You Derive Me Crazy: Inference Gut Check (LSAT Logic Games Series)

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Blog-Derive-Inference Gut CheckNo matter how good you get at Logic Games, finding those difficult inferences will always be a challenge! In our “You Derive Me Crazy” blog series, we’ll take a look at some of the higher-level inferences that repeat on the LSAT, ensuring that you have all the tools necessary to tackle anything the LSAT throws at you on test day. 🎓💼

Let’s talk about something that we haven’t really brought up before in this crazy, Britney Spears-inspired blog series:

Questions.
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You Derive Me Crazy: Numerical Distributions (LSAT Logic Games Series)

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LSAT_YDMC_Numerical Distributions_10_21_2015No matter how good you get at Logic Games, finding those difficult inferences will always be a challenge! In our “You Derive Me Crazy” blog series, we’ll take a look at some of the higher-level inferences that repeat on the LSAT, ensuring that you have all the tools necessary to tackle anything the LSAT throws at you on test day

Numbers – if you felt comfortable with them, you’d be taking the GMAT!

I kid. But many of my students do have an aversion to numbers that comes from years of focusing on  non-mathematical topics in their undergrad studies.

Unfortunately, some math will help you on certain logic games. Luckily, if you can add and subtract by one, you’re in good shape!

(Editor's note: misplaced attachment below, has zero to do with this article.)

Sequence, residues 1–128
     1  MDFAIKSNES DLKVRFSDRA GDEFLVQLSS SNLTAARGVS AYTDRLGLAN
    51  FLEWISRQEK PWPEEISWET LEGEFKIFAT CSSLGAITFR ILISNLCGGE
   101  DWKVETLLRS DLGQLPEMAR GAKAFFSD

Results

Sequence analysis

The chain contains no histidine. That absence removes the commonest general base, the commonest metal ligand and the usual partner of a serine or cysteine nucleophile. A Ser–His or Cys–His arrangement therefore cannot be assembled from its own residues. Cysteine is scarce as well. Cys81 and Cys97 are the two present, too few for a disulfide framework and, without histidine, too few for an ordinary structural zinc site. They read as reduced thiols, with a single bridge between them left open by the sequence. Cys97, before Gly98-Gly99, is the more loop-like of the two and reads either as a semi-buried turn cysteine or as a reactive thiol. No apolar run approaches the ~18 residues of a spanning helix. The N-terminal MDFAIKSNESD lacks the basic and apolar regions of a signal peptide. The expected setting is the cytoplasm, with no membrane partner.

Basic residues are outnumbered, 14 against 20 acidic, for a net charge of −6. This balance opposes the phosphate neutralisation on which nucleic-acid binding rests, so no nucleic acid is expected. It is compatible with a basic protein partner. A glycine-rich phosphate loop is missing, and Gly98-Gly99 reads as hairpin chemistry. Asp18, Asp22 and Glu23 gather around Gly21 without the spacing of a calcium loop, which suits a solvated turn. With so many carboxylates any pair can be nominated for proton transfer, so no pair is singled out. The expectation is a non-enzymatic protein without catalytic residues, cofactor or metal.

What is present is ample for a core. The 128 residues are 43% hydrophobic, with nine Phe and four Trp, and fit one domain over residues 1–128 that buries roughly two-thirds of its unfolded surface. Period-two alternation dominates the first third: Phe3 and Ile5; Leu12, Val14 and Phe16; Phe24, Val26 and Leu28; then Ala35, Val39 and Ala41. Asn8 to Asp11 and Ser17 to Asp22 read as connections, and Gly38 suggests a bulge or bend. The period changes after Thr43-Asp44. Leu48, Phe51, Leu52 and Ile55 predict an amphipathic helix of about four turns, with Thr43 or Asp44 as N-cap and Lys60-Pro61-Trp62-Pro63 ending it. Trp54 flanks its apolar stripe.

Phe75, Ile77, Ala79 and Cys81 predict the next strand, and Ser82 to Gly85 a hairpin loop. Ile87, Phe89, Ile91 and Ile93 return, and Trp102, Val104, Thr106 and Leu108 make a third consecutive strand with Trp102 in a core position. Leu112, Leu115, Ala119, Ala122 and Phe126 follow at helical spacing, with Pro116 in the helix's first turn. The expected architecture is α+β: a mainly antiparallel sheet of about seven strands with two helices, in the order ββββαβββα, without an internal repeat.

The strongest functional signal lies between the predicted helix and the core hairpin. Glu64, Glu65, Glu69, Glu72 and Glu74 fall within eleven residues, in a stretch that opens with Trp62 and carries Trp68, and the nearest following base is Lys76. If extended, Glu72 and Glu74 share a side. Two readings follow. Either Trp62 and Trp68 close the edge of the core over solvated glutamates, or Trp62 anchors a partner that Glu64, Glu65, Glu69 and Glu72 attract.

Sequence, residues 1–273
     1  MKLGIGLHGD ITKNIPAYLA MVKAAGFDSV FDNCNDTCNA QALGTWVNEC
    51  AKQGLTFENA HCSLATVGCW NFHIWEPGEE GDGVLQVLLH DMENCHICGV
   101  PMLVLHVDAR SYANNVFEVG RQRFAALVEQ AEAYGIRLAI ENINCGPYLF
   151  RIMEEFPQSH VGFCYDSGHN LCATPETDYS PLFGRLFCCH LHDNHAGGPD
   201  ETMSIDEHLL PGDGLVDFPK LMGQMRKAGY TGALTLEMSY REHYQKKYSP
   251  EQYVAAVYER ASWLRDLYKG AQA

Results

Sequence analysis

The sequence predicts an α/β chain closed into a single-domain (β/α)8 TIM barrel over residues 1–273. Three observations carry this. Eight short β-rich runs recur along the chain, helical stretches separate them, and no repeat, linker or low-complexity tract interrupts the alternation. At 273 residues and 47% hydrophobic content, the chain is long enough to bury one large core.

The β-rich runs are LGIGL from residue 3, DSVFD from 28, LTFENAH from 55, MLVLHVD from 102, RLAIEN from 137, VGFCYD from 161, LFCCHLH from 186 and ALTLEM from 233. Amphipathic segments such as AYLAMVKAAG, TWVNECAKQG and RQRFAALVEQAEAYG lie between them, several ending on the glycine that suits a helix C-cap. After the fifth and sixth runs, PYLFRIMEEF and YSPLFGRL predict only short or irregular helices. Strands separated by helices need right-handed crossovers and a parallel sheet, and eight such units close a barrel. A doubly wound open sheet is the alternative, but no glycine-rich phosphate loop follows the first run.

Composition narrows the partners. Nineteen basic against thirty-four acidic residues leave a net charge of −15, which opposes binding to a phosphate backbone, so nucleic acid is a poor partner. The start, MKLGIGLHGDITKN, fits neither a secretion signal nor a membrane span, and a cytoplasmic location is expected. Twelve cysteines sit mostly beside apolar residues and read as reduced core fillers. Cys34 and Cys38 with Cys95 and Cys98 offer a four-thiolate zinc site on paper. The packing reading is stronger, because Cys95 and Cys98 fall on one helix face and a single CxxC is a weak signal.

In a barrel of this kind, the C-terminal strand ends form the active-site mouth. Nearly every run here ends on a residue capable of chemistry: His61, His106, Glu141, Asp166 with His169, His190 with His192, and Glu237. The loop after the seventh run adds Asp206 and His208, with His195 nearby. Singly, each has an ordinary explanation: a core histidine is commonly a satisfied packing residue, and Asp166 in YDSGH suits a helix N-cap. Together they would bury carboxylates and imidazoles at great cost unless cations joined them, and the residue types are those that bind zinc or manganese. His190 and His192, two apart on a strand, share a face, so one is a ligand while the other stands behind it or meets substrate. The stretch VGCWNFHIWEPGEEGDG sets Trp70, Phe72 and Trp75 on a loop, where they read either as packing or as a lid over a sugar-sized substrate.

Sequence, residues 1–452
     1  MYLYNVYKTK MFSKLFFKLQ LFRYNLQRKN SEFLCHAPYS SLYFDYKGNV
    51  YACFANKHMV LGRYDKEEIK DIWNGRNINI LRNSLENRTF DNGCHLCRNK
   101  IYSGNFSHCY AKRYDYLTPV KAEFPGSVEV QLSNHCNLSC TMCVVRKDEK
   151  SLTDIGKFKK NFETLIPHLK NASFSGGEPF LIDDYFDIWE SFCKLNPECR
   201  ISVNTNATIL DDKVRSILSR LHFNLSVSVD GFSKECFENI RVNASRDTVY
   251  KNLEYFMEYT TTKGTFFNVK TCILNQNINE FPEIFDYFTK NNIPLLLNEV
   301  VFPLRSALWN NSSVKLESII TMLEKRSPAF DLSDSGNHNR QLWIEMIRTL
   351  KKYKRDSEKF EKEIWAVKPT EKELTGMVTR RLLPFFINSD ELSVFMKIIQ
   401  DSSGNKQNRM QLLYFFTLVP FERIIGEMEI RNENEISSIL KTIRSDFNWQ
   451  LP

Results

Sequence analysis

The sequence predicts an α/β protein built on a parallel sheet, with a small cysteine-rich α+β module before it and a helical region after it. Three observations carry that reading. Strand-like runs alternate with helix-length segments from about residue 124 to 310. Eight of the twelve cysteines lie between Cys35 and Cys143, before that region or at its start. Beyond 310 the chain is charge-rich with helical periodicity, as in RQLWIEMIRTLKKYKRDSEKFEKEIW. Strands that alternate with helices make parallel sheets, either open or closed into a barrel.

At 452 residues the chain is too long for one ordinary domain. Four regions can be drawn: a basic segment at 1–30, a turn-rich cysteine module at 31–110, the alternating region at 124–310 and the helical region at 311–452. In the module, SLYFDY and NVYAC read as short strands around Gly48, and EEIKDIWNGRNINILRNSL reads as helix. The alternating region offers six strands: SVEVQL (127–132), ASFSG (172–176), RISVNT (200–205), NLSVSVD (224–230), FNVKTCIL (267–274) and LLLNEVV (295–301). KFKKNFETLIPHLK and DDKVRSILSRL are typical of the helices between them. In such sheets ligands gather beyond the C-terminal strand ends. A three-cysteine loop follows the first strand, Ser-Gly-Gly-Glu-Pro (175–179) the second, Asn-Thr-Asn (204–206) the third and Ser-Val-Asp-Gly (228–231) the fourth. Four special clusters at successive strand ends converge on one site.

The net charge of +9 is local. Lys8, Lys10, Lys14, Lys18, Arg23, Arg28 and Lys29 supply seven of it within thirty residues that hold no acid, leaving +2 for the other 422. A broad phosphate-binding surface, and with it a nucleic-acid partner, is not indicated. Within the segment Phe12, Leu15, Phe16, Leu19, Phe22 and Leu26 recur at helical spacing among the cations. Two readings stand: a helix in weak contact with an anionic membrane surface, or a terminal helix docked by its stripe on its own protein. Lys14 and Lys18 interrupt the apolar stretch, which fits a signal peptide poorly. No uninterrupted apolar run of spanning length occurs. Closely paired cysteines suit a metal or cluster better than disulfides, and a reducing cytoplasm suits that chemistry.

What am I talking about here? Read more

#MovieFailMondays: The Martian (or, How Movies Can Teach You About Logical Fallacies and Help You Ace the LSAT)

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Blog-MFM-TheMartianEach week, we analyze a movie that illustrates a logical fallacy you’ll find on the LSAT. Who said Netflix can’t help you study? 🎥📖

Since we covered Gravity a few weeks ago, we figured we should also cover its sequel, The Martian. Read more

PrepTests: Best Friend, or Worst Enemy?

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7-6-2015-PracticeTestsYou’ve done this, haven’t you? You’ve sat down at a piano or picked up a guitar and tried to play it. After a couple of notes, you think, “Hey, I sound great!” Then you try to play your favorite song and realize that you sound terrible.

Most of us lose interest pretty quickly at this point. Some people decide to take lessons. But imagine a beginner who just keeps trying to play Led Zeppelin’s Stairway to Heaven, or a concerto by Bach, over and over, day after day, hoping that some day she will get it right. She might eventually nail it, but any music teacher will tell you that this isn’t the best way to learn an instrument.

Without realizing it, this could be exactly how you’re trying to prepare for the LSAT. It’s common for people to make full PrepTests the main focus of their prep plan. If this describes you, and aren’t seeing much improvement, don’t be surprised.

Preparing for the LSAT is similar to learning a musical instrument. Playing a concerto or a killer guitar riff requires an array of fundamental skills that allow you to combine individual notes and chords into a beautiful and complex piece of music. To do well on the LSAT, you will also use an array of fundamental skills, like identifying the conclusion of an argument or finding the important inferences in a logic game, to get a beautiful score. You will first need to learn these individual skills, then perfect them through practice, before you can combine them effectively to answer the different types of questions you’ll see on the test.